Craig (Matt) Briggs



Name in High School: Craig Briggs

Favorite High School Memories:
We planted 7 trees as the Senior gift. Five were knocked down in a year. But the maintenance staff added supports and two grew fast enough to outrun trouble.  There are still two 50+ year old Silver Maples with trunks 6 feet thick and 50 feet tall giving shade to students outside on the Wilson west side.
I remember being one of many helping out the budding artist Laura Ross with her fantasy design for the Junior Prom. The shop hall entrance had all blacklight on a fluorescent city of storefronts.  The entrance Cafeteria had a large fountain on the plant-covered stairwell. There was a false ceiling of fir bows. With different lighting, school was some other place— and our own friends were the band. 1967.
I remember reading and discussing books on big ideas in Mr Murray’s class. It woke so many of us up to learning about the history of ideas and learning critical thinking for the first time—and what we thought about stuff, and how to express it.  And I remember in the spring of 1967 when we were studying Thoreau’s “Walden”, Mr. Murray lamented not knowing any “hippies” who could draw the parallels with the 60s.  I volunteered my wonderful brilliant beautiful oldest brother—maybe the first person with full length long hair in Oregon—to come and talk to our class. It was like an alien being had landed.  I think 200 people skipped classes to be inside and outside the room where his soft voice held forth connecting Thoreau to other thinkers and 60s awakenings.

We wore the same clothes looking to be cool and  be accepted into our chosen group—a precursor to our kids wanting and fearing failure to be liked on Facebook? We settled for clan—being split into groups—Athletes, Shop Gang, soches, intellectuals, nerds, grade-school buddies, with friendship moving to groups where you did stuff together like sports, plays, band/orchestra, hipsters, Statesmen and Yearbook staff, TroJane dancers, smokers out back, hot-rod car guys, early goths… Not many tweeners with curiosity to reach out across the groups—-I was crappy at it too–and just starting to feel my way to exploring a sense of wonder at the diversity and the surprise of people and the world and especially music, which has become a key part of who I am.
We were all so thin, and so many girls looked so fantastic—compulsory PE, sugar and empty carbs not in everything yet?
A really smart Andy Hurst as Hugh Grant with beautiful contorted English explaining creatively and sleepily why he did not have his assignment after waking from a nap in Ms Bartell’s Math class.
Paul Lillig here and there as Richard Prior with zingers to the core of the illusions of what we thought was happening.
The Music teacher Jack Dalby had a policy that if you didn’t march in the Rose Parade in full uniform, you would get an F in music. I thought it was dorky—I told him to fuck off, and stopped my cornet playing which I loved.  I found my way back to the love of jazz music at U of O Music school at the age of 21 and jazz piano has become my church ever since.
My best friend John Lundblade and I playing tennis under the lights alone in the silence and cool of late nights at the Med School and Washington Park.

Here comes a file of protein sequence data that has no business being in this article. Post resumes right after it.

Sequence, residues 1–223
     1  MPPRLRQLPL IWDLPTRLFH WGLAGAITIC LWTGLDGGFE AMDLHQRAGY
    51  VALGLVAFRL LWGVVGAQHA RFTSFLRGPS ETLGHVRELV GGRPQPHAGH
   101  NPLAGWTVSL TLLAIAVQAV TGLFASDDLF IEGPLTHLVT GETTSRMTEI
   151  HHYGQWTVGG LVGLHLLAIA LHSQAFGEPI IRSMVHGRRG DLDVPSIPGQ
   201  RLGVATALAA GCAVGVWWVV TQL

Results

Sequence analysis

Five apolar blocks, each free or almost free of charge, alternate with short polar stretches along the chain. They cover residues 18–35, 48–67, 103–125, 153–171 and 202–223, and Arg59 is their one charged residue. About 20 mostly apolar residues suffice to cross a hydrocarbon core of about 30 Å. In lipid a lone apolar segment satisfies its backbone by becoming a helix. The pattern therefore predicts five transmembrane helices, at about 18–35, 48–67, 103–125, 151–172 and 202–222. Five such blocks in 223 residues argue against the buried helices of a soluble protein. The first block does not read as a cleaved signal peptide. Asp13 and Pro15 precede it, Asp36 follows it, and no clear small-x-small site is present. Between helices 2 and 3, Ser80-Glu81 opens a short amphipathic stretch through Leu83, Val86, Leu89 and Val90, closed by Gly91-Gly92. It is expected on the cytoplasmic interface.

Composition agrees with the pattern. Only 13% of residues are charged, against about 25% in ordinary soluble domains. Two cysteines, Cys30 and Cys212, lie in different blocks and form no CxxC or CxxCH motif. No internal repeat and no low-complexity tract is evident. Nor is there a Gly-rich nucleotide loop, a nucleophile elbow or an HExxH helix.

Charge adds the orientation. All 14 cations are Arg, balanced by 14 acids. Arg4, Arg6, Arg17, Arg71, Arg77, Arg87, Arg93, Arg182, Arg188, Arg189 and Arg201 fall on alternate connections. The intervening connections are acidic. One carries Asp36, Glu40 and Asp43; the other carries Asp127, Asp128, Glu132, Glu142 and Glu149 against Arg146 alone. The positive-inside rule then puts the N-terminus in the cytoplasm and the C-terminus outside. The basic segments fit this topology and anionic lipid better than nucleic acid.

Those super salty and bland mashed potatoes and gravy in the Cafeteria– and we ate them!  I didn’t know what good food could taste like…
And gymnastics with Mr Ogan—everyone building these new bodies on this odd equipment in a room with a lot of mirrors and guys checking themselves out. Did Dave Basinski finally get that super-difficult front flip dismount on the High Bar?
I wish I had taken all the shop classes. I learned woodworking and fixing up houses by trial and error, with lots of early errors. I missed the opportunity. I just didn’t get how great it was to have all these classes in how to build things from guys who knew their stuff.

Favorite Teachers:
They all had their style and strengths. For longest lasting effects on me, Mr. Witty and Mr. Murray.



Name: Matt Briggs

Children: yep

Grandchildren: yep

After high school, 12 years of college. Would have kept going undergrad, but U of O sent me a diploma in “General Arts and Letters” so I would have to pay Graduate Tuition…
Painted houses thru college, had a woodworking shop for 4 years, fixed up old houses and farms on rivers for 20 years.
Chinese Medical School 5 years—two degrees, but met a girl who knew where to pick one wild mushroom—chanterelles. We got hooked up and found where morels, matsutake, truffles, black trumpets etc grow while doing Medical Internships in SF and Southern Oregon. A few of us figured out where the mushrooms grew, and when. It turned into a year-round business having picker teams move north in the spring with the crop as far north as the Yukon and Alaska and south in the fall as far south as Santa Barbara with another crop, like gypsies.

Favorite Pastimes: Playing Jazz Piano every day
Used to write a lot of poetry when younger and hungry for “the truth”.
Here is one written at 30 after I returned from 8 months traveling around the world west to east on one of those old cheap tickets:

Wild Blue Thirst

I’ve got a wild blue thirst,
I want it all at once:
The fastest and the slowest,